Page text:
There is ‘contemporary’ life on Mars: leading space scientist

August 10th, 2008 - 12:36 pm ICT by IANS  

By Dipankar De Sarkar
London, Aug 10 (IANS) A leading international space scientist says there is now clear evidence of life on Mars but that American authorities are hesitating from announcing it for political reasons. “The discovery of liquid water on Mars combined with earlier discoveries of organic substances in a meteorite that came from Mars, and also of methane in the Martian atmosphere all point to the existence of life - contemporary life - on the Red Planet,” said Chandra Wickramasinghe, a globally renowned astrobiologist.

“I am not speaking of fossilized life but contemporary life,” emphasised Wickramasinghe, who is professor of applied mathematics and astronomy at the University of Cardiff in Wales.

Wickramasinghe, a student and collaborator of the late British astronomer Sir Fred Hoyle, spoke to London-based Sri Lankan diplomat and journalist Walter Jayawardhana, who made the text of the interview available to IANS.

Wickramasinghe, an internationally-respected astrobiologist, is also a leading advocate of a theory known as Panspermia, which suggests that all planets have been seeded for life by microbes from outer space and is thought to be a minority-view among scientists.

Wickramasinghe’s associate Hoyle, a Cambridge scientist who was controversially overlooked for the Nobel Prize, was also the PhD guide of Indian astrophysicist Jayant Narlikar.

Hoyle’s co-worker William Alfred Fowler won a 1983 Nobel along with the Indian-origin scientist Subrahmanyan Chandrasekhar for their work on neucleosynthesis - a concept that was established by Hoyle in 1946.

In his interview, Wickramasinghe said the discovery of subsurface water ice in the north polar regions of Mars - announced July 31 by US scientists - combined with earlier developments leads him to believe there is life on Mars.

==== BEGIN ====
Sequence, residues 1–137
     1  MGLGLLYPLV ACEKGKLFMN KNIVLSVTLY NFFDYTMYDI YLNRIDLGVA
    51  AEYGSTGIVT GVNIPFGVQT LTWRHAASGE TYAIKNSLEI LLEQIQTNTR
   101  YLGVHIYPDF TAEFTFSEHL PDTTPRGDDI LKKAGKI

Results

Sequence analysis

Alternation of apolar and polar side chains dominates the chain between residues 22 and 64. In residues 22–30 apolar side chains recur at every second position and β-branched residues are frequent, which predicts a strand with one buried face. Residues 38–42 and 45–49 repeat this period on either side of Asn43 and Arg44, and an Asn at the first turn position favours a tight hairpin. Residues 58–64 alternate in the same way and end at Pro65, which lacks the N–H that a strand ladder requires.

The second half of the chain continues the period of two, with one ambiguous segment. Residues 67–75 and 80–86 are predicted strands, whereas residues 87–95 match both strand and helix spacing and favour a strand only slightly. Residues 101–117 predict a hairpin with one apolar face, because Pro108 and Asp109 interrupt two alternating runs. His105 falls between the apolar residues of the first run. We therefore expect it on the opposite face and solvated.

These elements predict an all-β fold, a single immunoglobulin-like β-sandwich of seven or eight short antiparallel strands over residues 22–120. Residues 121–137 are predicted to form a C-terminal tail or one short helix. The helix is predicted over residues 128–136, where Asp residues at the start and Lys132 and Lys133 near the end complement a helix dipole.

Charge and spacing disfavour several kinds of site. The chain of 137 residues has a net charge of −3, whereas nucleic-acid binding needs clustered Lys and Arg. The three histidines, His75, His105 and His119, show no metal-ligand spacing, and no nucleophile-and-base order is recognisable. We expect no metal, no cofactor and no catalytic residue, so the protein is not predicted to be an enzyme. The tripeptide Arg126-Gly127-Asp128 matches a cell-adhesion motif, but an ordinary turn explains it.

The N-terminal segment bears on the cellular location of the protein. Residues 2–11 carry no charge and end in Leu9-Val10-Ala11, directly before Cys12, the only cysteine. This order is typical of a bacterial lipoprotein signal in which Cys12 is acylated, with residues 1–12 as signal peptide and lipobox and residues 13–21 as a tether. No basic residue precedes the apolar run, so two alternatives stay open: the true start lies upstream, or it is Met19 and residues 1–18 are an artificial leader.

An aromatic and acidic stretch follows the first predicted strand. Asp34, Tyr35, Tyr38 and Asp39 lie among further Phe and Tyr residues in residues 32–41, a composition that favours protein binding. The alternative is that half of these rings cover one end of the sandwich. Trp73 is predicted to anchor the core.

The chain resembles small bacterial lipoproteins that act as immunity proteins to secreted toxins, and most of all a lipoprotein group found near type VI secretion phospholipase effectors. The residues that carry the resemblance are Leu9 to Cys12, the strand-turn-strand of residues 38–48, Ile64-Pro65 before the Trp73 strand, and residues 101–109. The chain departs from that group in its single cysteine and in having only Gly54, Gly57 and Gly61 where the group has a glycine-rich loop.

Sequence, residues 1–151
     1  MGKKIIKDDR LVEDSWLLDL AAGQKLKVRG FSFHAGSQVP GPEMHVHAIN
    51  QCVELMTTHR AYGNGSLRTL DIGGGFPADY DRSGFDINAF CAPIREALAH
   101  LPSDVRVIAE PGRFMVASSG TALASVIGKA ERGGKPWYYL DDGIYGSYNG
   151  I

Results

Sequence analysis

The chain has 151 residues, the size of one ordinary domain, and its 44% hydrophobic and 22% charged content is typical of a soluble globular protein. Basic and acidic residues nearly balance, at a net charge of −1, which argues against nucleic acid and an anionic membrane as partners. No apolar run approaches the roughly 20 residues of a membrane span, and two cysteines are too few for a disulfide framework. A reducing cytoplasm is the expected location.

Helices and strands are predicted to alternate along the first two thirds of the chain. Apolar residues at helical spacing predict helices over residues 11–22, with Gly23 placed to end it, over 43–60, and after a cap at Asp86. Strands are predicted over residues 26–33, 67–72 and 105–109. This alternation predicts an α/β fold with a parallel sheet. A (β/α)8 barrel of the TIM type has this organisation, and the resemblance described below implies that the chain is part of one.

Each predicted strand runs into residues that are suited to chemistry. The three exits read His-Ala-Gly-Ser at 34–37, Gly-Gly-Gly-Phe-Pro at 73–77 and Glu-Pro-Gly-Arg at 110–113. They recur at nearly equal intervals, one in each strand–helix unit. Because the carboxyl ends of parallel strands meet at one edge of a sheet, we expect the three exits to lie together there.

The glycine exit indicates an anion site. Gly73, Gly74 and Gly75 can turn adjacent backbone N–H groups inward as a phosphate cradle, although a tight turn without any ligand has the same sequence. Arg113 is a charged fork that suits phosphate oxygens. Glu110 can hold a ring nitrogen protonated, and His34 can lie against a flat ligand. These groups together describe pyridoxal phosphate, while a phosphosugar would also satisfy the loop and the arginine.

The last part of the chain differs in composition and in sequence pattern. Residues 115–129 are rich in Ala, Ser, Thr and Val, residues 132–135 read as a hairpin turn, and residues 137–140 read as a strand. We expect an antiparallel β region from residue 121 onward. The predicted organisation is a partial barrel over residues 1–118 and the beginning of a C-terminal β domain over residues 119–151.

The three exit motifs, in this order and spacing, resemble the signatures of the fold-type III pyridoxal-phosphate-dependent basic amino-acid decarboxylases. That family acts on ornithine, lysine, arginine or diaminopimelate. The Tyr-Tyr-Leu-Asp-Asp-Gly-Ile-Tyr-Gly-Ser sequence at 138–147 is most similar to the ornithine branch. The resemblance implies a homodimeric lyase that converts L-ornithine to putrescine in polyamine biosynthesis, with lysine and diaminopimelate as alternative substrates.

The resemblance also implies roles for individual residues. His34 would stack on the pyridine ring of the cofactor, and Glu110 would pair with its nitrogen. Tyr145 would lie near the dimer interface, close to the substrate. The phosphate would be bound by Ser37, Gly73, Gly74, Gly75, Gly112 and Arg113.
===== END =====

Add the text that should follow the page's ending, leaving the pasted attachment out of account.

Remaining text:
“Even as early as 1976, when the two NASA space probes, Viking 1 and Viking 2, landed on Mars, experiments carried out in situ pointed strongly to the existence of active microbial life.

“In one experiment nutrient broth was poured onto a sample of Martian soil, and it frothed up so vigorously exuding carbon dioxide, that a positive detection of life might have been inferred.

“But when the NASA scientists looked for organic material, the detritus of living organisms, around the landing site, their experiments yielded negative or ambiguous results. So NASA cautiously concluded, ‘no organics means no life detected’.

“But 32 years on, my friend Gil Levin, who was principal investigator on this project maintains that life on Mars was indeed detected in 1976! The experiments of 1976 to detect the dead bodies and decomposition products of bacteria were simply not sensitive enough,” Wickramasinghe told Jayawardhana.

The Cardiff University astrobiologist said the delay in announcing life on Mars has little to do with science.

“I think there could be political and sociological considerations at work,” he said.

“Firstly, if life was already detected, then there is no need to spend vast sums of money to continue the search.

“Secondly, there is a lot of scientific interest nowadays in bringing back samples of Martian soil to Earth at the cost of tens of billions of dollars, and there is a lobby that says if microbes exist on Mars we should not be doing this. It could pose a biohazard.”

Wickramasinghe said authorities might be deterred by prospects of litigation arising from Planetary Protection - the guiding principle in the design of interplanetary missions that aims to prevent biological contamination of both the target celestial body and the Earth.

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